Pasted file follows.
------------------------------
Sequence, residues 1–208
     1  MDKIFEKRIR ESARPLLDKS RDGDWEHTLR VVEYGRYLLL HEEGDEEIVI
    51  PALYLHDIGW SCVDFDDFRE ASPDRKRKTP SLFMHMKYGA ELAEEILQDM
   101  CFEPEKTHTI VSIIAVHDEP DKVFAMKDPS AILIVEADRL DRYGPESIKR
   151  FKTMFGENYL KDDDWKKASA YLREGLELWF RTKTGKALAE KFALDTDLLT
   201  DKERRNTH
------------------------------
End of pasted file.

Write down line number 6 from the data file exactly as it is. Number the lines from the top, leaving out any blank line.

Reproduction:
   201  DKERRNTH